It is a huge month for space: Jeff Bezos and Richard Branson are both on their way, and we can now report the discovery of yet another Jupiter moon.
Jupiter has at least 80 moons, according to Space.com, with more being discovered all the time. The new moon S/2003J24 stands out from the crowd, despite being simply another little space pebble in the crowd. That's because, owing to a self-proclaimed hobbyist named Kai Ly; it is the first planetary moon identified by an amateur rather than a professional researcher at a university or space agency.
"I'm proud to say that this is the first planetary moon discovered by an amateur astronomer!" Ly told Sky and Telescope.
Ly's most recent discovery is the newest addition to the Carme group of Jovian satellites. Carme and her companions are oddly formed space rocks. According to NASA, they orbit Jupiter in the opposite direction of its rotation, a phenomenon known as retrograde.
The group goes around the big planet at an unusual tilt relative to its orbital plane. With a radius of 14 miles, Carme is the largest in the bunch (23 kilometers). Carme is the parent rock of the amateur astronomer's finding and the group's other 22 members. Carme is thought to have been an asteroid trapped by Jupiter's gravity. Its group represents the fragments that broke off during a cosmic collision. Based on Ly's findings, it became obvious that a space rock originally observed by NASA in 2003 was actually a moon orbiting Jupiter as part of the Carme group, which has been submitted to but not yet published in scholarly journals.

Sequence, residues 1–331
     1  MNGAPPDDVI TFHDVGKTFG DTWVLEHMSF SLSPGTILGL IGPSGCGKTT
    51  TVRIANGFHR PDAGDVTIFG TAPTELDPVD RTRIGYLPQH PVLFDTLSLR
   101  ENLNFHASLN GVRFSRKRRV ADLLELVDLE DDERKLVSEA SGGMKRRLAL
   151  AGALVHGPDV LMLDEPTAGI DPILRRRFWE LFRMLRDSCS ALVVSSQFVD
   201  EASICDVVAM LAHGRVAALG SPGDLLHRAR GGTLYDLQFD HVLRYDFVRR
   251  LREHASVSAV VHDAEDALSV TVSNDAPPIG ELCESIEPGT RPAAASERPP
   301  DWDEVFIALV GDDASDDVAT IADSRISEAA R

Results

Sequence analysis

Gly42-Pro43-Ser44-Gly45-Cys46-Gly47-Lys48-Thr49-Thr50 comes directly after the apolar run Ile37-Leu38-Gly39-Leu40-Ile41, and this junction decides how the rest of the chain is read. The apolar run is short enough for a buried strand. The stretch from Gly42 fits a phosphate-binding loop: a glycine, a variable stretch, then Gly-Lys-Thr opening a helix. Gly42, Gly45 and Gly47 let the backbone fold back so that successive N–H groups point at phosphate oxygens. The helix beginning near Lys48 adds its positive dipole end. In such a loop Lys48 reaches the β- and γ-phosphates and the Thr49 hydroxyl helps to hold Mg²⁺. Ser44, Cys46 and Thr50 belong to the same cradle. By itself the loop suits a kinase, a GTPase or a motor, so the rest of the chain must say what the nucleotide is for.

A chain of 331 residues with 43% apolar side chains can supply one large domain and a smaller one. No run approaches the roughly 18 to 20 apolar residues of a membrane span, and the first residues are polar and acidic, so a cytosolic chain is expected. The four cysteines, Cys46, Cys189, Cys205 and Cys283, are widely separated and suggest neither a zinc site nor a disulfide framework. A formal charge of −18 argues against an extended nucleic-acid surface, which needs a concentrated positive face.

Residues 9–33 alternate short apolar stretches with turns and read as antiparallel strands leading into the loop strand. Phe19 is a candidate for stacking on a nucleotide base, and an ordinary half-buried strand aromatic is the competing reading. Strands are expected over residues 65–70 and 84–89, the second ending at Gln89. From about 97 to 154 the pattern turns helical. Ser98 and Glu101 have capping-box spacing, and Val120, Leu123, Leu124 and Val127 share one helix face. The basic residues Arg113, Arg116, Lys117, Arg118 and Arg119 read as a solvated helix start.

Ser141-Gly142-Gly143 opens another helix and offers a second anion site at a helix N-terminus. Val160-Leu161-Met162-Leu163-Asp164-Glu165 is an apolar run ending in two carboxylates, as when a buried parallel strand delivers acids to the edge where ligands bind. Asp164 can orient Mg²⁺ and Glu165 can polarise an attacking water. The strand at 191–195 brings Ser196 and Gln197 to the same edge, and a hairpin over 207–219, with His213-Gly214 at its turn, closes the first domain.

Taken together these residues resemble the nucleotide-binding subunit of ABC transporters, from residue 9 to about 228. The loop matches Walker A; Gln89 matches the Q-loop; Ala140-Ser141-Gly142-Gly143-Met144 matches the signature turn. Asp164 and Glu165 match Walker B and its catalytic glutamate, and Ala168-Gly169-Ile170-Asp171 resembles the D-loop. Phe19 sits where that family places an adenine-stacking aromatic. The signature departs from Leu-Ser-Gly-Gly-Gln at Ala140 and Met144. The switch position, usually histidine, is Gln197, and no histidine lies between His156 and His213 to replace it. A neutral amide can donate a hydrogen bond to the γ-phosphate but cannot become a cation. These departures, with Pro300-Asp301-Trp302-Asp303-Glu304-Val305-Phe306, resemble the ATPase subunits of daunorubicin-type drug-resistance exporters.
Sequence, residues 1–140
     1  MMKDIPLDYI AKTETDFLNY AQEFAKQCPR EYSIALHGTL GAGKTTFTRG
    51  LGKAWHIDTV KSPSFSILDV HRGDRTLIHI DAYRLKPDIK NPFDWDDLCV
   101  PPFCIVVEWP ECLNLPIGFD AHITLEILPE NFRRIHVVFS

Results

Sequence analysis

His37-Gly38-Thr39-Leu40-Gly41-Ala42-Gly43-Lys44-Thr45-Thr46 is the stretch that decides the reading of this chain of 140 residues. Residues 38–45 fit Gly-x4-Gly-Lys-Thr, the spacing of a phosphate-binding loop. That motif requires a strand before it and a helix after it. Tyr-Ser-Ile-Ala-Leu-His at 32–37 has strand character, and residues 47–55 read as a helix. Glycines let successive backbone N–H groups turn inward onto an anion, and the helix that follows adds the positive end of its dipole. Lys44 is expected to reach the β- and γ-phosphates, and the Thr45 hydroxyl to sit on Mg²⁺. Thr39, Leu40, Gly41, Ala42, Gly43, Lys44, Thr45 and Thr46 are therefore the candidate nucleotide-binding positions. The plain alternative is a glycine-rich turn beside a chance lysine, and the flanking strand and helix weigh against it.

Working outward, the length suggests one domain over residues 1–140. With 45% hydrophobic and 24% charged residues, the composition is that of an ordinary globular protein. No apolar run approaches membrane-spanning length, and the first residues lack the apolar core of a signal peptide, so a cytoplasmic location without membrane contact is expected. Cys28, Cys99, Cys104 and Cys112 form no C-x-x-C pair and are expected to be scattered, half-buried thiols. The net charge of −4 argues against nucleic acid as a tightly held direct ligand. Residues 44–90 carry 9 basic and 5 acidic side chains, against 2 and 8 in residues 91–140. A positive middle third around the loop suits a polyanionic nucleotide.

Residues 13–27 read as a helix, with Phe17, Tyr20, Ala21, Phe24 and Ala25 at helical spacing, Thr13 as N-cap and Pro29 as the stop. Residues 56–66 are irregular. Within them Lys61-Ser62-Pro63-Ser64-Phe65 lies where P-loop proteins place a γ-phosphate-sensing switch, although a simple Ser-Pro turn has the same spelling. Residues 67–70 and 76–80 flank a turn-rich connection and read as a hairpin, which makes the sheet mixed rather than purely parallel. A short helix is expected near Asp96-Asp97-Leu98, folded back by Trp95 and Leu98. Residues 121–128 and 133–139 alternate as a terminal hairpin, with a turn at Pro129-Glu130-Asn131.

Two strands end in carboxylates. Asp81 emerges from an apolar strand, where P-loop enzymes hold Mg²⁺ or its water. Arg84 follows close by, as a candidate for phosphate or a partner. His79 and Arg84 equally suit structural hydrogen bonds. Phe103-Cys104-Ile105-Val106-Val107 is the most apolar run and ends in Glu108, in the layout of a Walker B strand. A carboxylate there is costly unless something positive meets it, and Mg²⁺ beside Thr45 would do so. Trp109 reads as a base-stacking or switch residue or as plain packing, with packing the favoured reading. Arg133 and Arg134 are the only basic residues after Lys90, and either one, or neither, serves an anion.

Ly calculated the object's 22-day arc using another observatory named Subaru, indicating that the moon candidate was most likely connected to Jupiter's gravity. They were able to detect and confirm the moon's existence using this baseline with other datasets.
Efforts Have Borne Fruit
Ly's efforts poring over years of observations from multiple telescopes allowed her to discover, estimate, and validate the moon's orbit, although NASA possessed photographs of S/2003J24.
EJc0061 is the current designation for this rock, Space.com said. However, it does not yet have a formal name. It will most likely conclude with the letter e, as Carme did. "A name ending in 'e' was chosen in conformity with the International Astronomical Union's protocol for designating outer moons with retrograde orbits," NASA officials noted.
Simultaneously, NASA and other space agencies are working on larger and better telescopes that could one day allow them to locate the moons of exoplanets beyond our solar system. That is a worthwhile quest. But it appears there is still plenty to uncover in our own celestial neighborhood — even for someone like Ly, who was doing astronomy as a "summer hobby before I return to school."
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